Another form of today’s auto insurance frauds involves bicycle riders that intentionally ram into a car. These bike riders are willing to get hit by a car, in order to file an insurance claim. Usually, though, these scams are dealt with immediately in that the bike rider asks the human driver for cash to make the case go away. Asking for say $200 cash is an easy scam and the driver will often want to avoid the insurance paperwork, so they give the cash to the scammer and continue along on their driving journey.
Anyway, let’s get back to the AI of self-driving cars and how it needs to be prepared to cope with potential auto insurance scams.
We are developing and testing AI that recognizes the swoop and squat. Similar to how I noticed the actions of other cars around me, there is a module in the AI of a self-driving car that is watching for signs of a potential scam. In the case of the swoop and squat, it sits aside of the rest of the AI driving the car, and tries to see if there is something suspicious about the other cars around the self-driving car. If it spots something potentially amiss, it notifies the strategic and tactical AI components that are driving the car. If the suspicion has a high enough probability, and if an avoidance effort can be done without undue risk, the self-driving car will take appropriate evasive action.
The self-driving car can also let the occupants know about what has taken place. The human occupants in the self-driving car might wonder why the self-driving car has suddenly exited from the freeway and then decided to enter back onto the freeway. There is an explanation system that can communicate to the occupants what has occurred. In some case, the occupants might not want to know and not care, while in other instances the occupants might be keenly interested to know.
Besides the swoop and squat, we also have the AI system be on the watch for other kinds of auto insurance scams.
There is the panic stop scam, consisting of just one squatter and no swoop car.
There is the start and stop, again usually done with one criminal driven car ahead of you.
There’s the wave-in, in which the human driver seems to offer you an opening in their lane and then rams into your car. This is harder for a conventional self-driving car to get caught up in, due to the aspect that the human driver of the criminal car usually makes a hand signal to the human driver of the target car. But, it still can be done with a self-driving car by making a tempting opening for the self-driving car and then ramming into it when it takes the opening.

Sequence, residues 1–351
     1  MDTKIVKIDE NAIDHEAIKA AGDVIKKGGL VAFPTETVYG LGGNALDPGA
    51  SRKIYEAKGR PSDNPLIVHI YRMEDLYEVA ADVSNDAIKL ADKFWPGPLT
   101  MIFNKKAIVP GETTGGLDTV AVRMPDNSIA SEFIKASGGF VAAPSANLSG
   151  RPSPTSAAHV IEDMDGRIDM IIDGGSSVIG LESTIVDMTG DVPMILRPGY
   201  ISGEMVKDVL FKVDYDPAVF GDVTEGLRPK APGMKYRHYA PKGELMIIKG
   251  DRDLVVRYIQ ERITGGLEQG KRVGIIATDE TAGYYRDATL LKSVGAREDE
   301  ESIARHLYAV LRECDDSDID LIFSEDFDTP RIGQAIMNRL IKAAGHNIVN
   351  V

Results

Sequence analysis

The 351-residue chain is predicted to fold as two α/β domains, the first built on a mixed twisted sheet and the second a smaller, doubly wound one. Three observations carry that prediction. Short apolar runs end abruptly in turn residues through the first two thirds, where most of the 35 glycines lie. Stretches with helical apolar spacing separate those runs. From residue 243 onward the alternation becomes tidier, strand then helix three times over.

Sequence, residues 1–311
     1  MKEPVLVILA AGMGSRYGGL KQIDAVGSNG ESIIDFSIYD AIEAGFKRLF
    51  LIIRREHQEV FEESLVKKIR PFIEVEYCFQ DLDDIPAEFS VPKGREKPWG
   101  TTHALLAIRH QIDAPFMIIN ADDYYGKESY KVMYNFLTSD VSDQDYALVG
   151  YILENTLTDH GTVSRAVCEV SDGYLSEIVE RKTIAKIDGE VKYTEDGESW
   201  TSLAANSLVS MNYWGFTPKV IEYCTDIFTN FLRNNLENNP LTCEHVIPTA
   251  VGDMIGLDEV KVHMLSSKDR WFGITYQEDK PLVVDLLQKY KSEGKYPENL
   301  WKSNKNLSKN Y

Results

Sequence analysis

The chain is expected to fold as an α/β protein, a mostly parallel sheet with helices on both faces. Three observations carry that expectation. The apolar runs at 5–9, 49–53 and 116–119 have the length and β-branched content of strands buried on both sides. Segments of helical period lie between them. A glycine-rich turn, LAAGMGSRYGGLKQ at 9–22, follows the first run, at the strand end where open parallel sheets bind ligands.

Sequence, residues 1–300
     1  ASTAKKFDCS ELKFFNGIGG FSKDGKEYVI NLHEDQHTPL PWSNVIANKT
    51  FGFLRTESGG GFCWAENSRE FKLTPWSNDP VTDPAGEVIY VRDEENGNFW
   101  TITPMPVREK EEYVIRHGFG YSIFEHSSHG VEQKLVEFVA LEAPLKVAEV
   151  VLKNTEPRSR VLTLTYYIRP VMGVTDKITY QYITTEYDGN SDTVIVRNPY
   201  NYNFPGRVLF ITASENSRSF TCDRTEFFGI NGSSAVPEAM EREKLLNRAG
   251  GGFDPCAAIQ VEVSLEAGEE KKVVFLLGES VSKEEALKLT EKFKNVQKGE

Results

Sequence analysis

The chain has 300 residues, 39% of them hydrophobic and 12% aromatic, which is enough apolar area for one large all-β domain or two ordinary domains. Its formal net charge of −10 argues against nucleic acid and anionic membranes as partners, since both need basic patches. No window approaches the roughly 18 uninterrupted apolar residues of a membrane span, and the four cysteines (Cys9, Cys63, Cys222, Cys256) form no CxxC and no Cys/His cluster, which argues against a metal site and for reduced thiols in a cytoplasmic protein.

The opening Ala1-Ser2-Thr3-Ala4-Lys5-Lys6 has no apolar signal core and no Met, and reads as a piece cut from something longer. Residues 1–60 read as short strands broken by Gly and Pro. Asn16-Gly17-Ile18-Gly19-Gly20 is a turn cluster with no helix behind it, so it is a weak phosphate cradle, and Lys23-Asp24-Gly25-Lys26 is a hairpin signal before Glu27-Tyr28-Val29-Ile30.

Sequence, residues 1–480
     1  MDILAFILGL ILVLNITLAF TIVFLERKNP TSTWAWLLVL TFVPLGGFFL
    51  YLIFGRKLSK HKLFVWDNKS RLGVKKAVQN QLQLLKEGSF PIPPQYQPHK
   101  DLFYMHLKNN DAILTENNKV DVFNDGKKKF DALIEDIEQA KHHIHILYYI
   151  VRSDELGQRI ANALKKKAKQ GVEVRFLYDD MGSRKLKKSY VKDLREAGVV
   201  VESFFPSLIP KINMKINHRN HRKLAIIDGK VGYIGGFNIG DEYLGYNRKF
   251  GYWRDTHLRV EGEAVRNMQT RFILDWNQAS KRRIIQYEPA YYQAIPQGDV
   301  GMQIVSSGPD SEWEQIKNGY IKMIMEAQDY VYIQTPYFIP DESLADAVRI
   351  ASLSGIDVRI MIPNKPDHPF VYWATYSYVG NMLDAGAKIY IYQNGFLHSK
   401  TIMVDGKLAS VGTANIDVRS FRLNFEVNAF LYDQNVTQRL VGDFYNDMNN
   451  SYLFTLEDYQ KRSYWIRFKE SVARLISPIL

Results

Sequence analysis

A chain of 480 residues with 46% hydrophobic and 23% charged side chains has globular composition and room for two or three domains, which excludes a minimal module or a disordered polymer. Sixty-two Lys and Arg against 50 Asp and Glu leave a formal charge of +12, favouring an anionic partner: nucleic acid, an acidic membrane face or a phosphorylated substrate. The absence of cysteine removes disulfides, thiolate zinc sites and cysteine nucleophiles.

Another scam is the sideswipe. This involves intersections that have two left turns. The criminal car will swerve into the lane of the target car.
It is hard to know in-advance that a scam is going to occur. The actions of the scammers can be similarly done innocently by regular drivers that are careless. Thus, there is no clear-cut way to know that a scam is being setup. That being said, whether a scam or not, the risk factor of getting involved in an accident is certainly detectable in all of these maneuvers. A good self-driving car should have a robust defensive driving AI capability to be watchful of these potential situations. These particular maneuvers such as the swoop and squat should even more so be on the defensive watch, since they are being done by both regular drivers and the scamming drivers.
It will be interesting to see how scammers find ways to especially make use of self-driving cars in their nefarious efforts. Besides the type of driving scams that I’ve mentioned, there are other scams such as staged auto thefts, there are dumped vehicle frauds (scammers dump a car into a lake and claim it was stolen), there are born again vehicles (a stolen vehicle is given a new Vehicle Identification Number or VIN, and used in a scam), and so on.
I know that many are hoping that self-driving cars are going to improve the world as we know it. There are indeed many ways in which self-driving cars are going to aid us. At the same time, without seeming to be pessimistic, I am sure that we will see criminal minds trying to find ways to involve self-driving cars into criminal acts. Let’s try to make the AI for self-driving cars good enough that self-driving cars won’t be ready unknowing dupes or accomplices in the rotten work of criminals.
This content is originally posted on AI Trends.
Source: AI Trends

MIT-Sloan

MIT Growing business masters program with an AI focus; math and computer science are foundations

Michelle Li is director of the Masters of Business Analytics Program at MIT, from the MIT Sloan School of Management, with support from the MIT Operations Research Center, now in its second year. In this position, she is responsible for building the program, designing curriculum, hiring faculty, assessing admissions criteria for students and helping students to secure future careers. She took a few minutes recently to speak with AI Trends about education for AI.
Q. Does AI education live in computer science?
Michelle: AI lives at the intersection of math and computer science, so it can be either the math major or computer science major. MIT’s Operations Research Center combines math and science.
Q. What is the AI exposure for engineering students?
Michelle: Engineering is a very broad field. If a student is strong in linear algebra and calculus, that also qualifies them to do artificial intelligence. Some engineering degree programs that are a little light on math that may not qualify.
Q. If a college today is offering engineering without AI, is it out of touch?